Neue Universität or Alma Mater Rudolphina
The University of Vienna was founded in 1365, which makes it the second-oldest German-speaking uni after Prague and the oldest one that is still German-speaking. Despite of a whole bunch of specialist subjects (such as business, veterinary sciences, medicine, arts and engineering) being excluded and tought by separate universities in Vienna, the main university has 63,000 students, making it one of the bigger ones in Europe.
The old Latin name is "Alma Mater Rudolphina Vindobonensis", referring to its founder, Duke Rudolf IV and his brothers Albrecht III and Leopold III. Most of the early staff came from the Sorbonne in Paris in 1383. Only 70 years later, 6,000 students populated Vienna and made it one of the biggest academic institutions in Europe.
As most of Austria turned into a rather miserable place in the course of Turkish wars and the reformation, the university was in serious trouble in the 16th century with student numbers dropping below 30 (in words: thirty). Once the counter-reformation had kicked in and the Turks were beaten and chased away beyond Hungary, Austria bloomed like never before.
Vienna University: Big, Old & Mediocre
The university, which had been merged with a Jesuite college in 1623, boomed with the rest of the country. Empress Maria Theresia and her son and successor Emperor Joseph II were not terribly fond of Jesuites (the latter one finally dissolving the order) and cut down the religious influence of the Societa Jesu in academic matters.
They also reformed the university in general and modernised it as an institution. Over the course of the 19th century, the Vienna University remained under tight control of the Habsburgs. Until this stage, the history of the Viennese academic life was centred around the area of the Jesuite Church and the building of the Academy of Sciences in the first district - to me, this is the most charming area of Vienna. In the later 19th century, however, the University was desperate for more space.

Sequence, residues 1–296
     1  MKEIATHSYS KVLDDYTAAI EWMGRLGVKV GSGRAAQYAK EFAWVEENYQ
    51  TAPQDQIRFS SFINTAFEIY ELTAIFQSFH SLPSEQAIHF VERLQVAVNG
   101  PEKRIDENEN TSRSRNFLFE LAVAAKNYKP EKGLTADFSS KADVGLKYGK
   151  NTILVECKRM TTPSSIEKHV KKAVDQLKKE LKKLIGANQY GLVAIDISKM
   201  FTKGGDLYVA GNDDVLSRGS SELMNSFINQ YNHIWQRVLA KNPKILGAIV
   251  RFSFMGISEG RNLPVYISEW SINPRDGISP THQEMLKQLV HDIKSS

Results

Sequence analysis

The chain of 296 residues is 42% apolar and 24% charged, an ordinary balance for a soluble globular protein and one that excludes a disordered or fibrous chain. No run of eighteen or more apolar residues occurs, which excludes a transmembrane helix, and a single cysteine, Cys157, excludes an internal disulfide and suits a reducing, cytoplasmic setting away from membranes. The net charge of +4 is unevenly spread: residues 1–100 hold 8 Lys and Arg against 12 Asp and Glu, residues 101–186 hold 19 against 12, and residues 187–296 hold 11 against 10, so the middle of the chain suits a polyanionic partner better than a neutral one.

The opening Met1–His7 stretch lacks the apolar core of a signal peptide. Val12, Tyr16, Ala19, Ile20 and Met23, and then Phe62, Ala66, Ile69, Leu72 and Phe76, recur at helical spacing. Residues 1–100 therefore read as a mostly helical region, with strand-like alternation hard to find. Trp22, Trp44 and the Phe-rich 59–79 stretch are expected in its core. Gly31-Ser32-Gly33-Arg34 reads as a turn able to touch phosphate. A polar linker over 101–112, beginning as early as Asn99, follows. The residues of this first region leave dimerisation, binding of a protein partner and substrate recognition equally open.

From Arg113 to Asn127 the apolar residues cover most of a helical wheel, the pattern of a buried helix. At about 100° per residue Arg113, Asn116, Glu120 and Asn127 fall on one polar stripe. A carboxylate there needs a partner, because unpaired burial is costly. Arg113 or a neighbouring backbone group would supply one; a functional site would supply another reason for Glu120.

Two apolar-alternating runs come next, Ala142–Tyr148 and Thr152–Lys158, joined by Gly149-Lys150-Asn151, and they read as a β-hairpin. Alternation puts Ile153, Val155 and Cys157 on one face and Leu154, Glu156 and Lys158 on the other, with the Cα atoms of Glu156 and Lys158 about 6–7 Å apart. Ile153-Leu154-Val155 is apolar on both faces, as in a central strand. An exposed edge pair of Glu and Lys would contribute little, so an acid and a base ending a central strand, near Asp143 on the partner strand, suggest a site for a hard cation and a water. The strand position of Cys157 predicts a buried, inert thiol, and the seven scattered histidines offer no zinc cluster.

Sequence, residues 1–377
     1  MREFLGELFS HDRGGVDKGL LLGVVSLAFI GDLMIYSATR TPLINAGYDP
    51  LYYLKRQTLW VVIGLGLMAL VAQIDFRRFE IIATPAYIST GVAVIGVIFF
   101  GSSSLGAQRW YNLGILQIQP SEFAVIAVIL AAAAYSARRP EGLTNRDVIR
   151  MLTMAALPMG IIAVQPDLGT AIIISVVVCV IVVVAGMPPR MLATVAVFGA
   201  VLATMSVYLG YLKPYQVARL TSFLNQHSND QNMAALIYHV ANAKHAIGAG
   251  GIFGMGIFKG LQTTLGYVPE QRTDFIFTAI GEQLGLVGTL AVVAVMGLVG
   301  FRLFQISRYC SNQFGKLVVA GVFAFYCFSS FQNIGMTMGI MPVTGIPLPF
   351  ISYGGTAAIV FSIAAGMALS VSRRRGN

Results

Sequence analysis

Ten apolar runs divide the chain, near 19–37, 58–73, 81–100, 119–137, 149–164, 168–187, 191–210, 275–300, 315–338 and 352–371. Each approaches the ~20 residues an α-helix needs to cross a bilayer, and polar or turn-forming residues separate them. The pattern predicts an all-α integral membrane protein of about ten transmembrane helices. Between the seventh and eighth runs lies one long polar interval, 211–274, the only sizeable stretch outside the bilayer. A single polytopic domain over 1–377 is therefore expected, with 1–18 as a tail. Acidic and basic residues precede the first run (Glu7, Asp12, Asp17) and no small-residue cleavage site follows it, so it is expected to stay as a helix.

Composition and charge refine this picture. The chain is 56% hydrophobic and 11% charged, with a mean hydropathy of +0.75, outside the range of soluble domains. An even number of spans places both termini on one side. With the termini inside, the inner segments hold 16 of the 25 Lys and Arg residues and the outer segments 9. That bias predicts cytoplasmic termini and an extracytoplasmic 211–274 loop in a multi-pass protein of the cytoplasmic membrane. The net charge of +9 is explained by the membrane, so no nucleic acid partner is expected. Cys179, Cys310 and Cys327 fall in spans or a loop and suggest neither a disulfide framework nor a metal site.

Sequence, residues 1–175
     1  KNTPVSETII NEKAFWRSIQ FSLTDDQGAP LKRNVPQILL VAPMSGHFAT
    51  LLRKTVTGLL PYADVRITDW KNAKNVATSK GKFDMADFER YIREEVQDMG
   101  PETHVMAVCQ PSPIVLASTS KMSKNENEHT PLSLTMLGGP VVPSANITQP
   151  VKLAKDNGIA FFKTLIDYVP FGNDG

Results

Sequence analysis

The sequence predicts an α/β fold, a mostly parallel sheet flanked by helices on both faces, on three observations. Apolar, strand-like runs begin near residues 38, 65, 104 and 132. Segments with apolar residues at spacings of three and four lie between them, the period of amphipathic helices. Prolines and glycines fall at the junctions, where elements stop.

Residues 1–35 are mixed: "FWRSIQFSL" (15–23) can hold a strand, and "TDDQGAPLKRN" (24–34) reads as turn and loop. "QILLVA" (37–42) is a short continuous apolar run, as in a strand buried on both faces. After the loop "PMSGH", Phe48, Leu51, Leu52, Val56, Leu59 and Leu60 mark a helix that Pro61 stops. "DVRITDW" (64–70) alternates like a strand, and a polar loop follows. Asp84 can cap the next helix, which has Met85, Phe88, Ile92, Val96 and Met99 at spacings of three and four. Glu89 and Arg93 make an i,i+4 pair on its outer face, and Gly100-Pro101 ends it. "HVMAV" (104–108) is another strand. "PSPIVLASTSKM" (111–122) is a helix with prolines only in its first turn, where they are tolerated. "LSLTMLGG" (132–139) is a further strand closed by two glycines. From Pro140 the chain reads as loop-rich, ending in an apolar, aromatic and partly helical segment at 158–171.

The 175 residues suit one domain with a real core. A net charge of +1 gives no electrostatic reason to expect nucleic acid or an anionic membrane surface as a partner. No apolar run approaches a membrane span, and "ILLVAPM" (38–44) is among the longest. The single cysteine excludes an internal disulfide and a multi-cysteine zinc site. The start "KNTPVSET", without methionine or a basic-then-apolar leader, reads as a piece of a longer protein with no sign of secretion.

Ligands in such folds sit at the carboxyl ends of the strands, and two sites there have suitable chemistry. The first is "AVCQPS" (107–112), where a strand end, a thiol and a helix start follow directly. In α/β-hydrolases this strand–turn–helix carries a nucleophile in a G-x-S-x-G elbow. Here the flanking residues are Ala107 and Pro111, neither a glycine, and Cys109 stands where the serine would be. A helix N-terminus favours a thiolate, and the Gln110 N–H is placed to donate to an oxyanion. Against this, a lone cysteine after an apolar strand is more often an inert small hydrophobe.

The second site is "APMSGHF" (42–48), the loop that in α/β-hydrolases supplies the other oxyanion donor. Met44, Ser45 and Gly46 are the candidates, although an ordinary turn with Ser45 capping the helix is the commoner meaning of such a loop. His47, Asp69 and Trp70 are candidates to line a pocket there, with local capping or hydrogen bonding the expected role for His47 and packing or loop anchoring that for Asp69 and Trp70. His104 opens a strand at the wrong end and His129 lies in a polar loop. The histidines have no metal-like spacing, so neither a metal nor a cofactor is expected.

When Emperor Franz Joseph I started to re-vamp the Ringstraße, it was clear that a "New Universtiy" was needed. One of the most popular - and to me worst - architects of those days, Heinrich Ferstel, was responsible for the neo-Renaissance style building that was erected between the Votivkirche Church and the Rathaus, Vienna′s town hall.
Things Worth Seeing at Vienna University
This building, now called "Hauptgebäude" ("main building") or, more causally "Hauptuni", was constructed between 1877 and 1884. Soon after the opening of the building, Vienna University started to spread and acquire more buildings. This trend continues until today - among the more recent acquisitions are the "Altes AKH" campus in the former general hospital and the biocenter campus in the third district.
The biggest cut in its recent history was World War II and the Holocaust, in which Vienna University lost some 40 percent of its academic staff. If you walk around the cloisters of the University′s Hauptgebäude, you can see the busts of famous teachers and graduates. Here it becomes obvious how deep the gap between the glorious days before WWII and after it goes.
back to "vienna travel guide"
Vienna by District
District Overview - 1st (Innere Stadt) - 2nd (Leopoldstadt) - 3rd (Landstraße) - 4th (Wieden) - 5th (Margareten)- 6th (Mariahilf) - 7th (Neubau) - 8th (Josefstadt) - 9th (Alsergrund) - 10th (Favoriten) - 11th (Simmering) - 12th (Meidling) - 13th (Hietzing) - 14th (Penzing) - 15th (Fünfhaus) - 16th (Ottakring) - 17th (Hernals) - 18th (Währing) - 19th (Döbling) - 20th (Brigittenau) - 21st (Floridsdorf) - 22nd (Donaustadt) - 23rd (Liesing) - Ringstraße - Surroundings
University of Vienna - Official Website